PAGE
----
Pair of slip on shoes by Gundry & Sons

Made by Gundry & Sons in London, England, c. 1832.

This pair of slip on shoes comes from an important collection of footwear and shoemaking objects thought to have been initiated by the London shoemaker, Robert Dixon Box, and consolidated by his son, Joseph Box and the Box Kingham family during the second half of the 1800s. The collection ranges from remnants of leather shoes from the Middle Ages found in English archaeological sites, to intact European shoes from the 1600s onwards, ‘foreign’ shoes collected as ‘curiosities’ from around the worl...

Summary

H4448-24
Slip on shoes, pair, womens, silk satin / leather, made by Gundry & Sons, London, England c. 1832

Pair of womens indoor slip on shoes, turnshoe construction with wide square toe and no heel. Shoes consist of green silk satin uppers with square throat and bow affixed, vertical side seam, no back seam and bound top edge. There are remains of ribbons to tie over the instep and around the ankle. Uppers lined in linen and white kid with sock of linen pasted in. Leather soles were originally sueded.

Dimensions

55 mm
75 mm

Production

This pair of silk satin slip on shoes was made by Gundry & Sons in England, post 1830, as the inscription on the identification label uses the title 'Princess Victoria of Kent'. 'Her Majesty' was not in use until 1837 when Victoria became Queen.
Gundry & Sons c. 1832

History

This pair of silk satin slip on shoes may possibly be part of the William Box Kingham collection as indicated by the inscription on the paper label which mentions 'Princess Victoria' dating the shoe pre 1837.

The shoes made in around 1827-1837 are part of the Museum's significant Joseph Box collection. Joseph Box Ltd had its origins in a London shoemaking business established in 1808 by a 'ladies shoemaker' called James Sly. From 1816 Sly's apprentice was Robert Dixon Box, the fifteen-year-old son of a bankrupted Quaker attorney. Box was to become manager of the business when Sly died in 1826, and gained a reputation for fine shoemaking through its participation at international exhibitions and by obtaining Royal Warrants. The business became known as Joseph Box Ltd in 1862 after it was transferred to Robert's son, Joseph. Like his father, Joseph started in the trade at the age of 15, but retired at the relatively early age of 42 to enable his daughters to enter society. Although he transferred the business to his cousins the Box Kinghams in 1882, Joseph maintained an active interest in shoemaking through collecting. At the end of the century the business was later taken over by royal shoemakers Gundry & Sons, which was itself taken over by John Lobb Ltd some time after 1953.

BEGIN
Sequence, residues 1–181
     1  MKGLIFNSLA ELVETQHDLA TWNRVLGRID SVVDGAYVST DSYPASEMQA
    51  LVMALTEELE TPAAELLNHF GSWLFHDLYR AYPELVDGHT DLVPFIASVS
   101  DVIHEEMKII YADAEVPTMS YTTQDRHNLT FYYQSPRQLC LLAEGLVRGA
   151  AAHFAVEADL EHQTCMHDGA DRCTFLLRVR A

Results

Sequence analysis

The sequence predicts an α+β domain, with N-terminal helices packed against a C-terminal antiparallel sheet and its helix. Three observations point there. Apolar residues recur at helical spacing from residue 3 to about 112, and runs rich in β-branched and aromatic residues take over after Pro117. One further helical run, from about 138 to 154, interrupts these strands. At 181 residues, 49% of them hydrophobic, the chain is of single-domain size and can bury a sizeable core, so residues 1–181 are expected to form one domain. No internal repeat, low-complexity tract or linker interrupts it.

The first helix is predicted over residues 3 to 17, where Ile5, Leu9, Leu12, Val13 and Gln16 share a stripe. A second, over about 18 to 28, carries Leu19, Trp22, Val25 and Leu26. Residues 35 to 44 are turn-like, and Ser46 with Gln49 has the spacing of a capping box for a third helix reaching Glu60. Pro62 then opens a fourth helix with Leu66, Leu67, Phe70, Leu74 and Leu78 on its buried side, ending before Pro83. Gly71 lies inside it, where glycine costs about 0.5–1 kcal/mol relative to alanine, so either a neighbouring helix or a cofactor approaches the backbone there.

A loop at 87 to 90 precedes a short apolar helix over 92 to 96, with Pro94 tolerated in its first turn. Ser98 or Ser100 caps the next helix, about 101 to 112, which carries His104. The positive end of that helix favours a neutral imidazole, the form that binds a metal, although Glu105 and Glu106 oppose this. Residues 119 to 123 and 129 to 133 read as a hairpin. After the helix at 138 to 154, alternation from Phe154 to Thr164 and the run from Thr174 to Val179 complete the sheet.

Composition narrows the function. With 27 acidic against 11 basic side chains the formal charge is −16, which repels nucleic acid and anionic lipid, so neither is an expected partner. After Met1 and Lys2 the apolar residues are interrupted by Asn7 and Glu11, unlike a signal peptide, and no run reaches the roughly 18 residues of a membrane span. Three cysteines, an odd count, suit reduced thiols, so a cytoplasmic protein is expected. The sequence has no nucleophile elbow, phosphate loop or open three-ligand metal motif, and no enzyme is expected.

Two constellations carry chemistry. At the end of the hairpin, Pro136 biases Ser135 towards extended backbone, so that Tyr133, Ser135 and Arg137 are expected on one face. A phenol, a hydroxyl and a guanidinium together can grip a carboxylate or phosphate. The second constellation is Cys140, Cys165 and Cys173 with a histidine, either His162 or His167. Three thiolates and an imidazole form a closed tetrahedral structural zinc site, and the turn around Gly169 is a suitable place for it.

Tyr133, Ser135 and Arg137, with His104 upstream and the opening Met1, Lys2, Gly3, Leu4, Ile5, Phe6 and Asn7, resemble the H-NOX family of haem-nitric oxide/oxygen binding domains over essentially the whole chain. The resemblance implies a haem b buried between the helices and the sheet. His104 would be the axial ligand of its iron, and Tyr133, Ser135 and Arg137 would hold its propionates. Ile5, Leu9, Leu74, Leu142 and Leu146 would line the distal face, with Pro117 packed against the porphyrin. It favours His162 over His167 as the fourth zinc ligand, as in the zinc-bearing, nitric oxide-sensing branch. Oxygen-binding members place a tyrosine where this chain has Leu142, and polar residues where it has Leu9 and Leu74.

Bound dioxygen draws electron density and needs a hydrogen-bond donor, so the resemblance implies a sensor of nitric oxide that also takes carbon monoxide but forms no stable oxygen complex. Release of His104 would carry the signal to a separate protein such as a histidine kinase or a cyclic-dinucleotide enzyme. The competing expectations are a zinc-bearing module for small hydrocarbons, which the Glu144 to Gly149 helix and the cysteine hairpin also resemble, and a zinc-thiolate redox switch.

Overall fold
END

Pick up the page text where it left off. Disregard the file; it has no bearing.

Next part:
The collection acquired by the Museum in 1942 was probably started by Robert Dixon and consolidated by Joseph Box and the Box Kinghams during the second half of the 1800s. It includes remnants of leather shoes from the Middle Ages found in English archaeological sites, intact European shoes from the 1600s onwards, 'foreign' shoes collected as 'curiosities' from around the world, shoe buckles and spurs, as well as documents relating to Joseph Box Ltd.

Footwear scholar, June Swann, former Keeper of the Boot and Shoe Collection at the Northampton Museum in England was invited to catalogue this very significant collection in 1993. A large selection was subsequently featured in the Museum's 1997 exhibition and accompanying publication 'Stepping out: three centuries of shoes'.

REF:
Mitchell, Louise, with Lindie Ward, 'Stepping out: three centuries of shoes', Powerhouse Publishing, Sydney, 1997
Kingham, William Box

Cite this Object

Pair of slip on shoes by Gundry & Sons 2016, Museum of Applied Arts & Sciences, accessed 24 September 2017, <https://ma.as/239613>
{{cite web |url=https://ma.as/239613 |title=Pair of slip on shoes by Gundry & Sons |author=Museum of Applied Arts & Sciences |access-date=24 September 2017 |publisher=Museum of Applied Arts & Sciences, Australia}}
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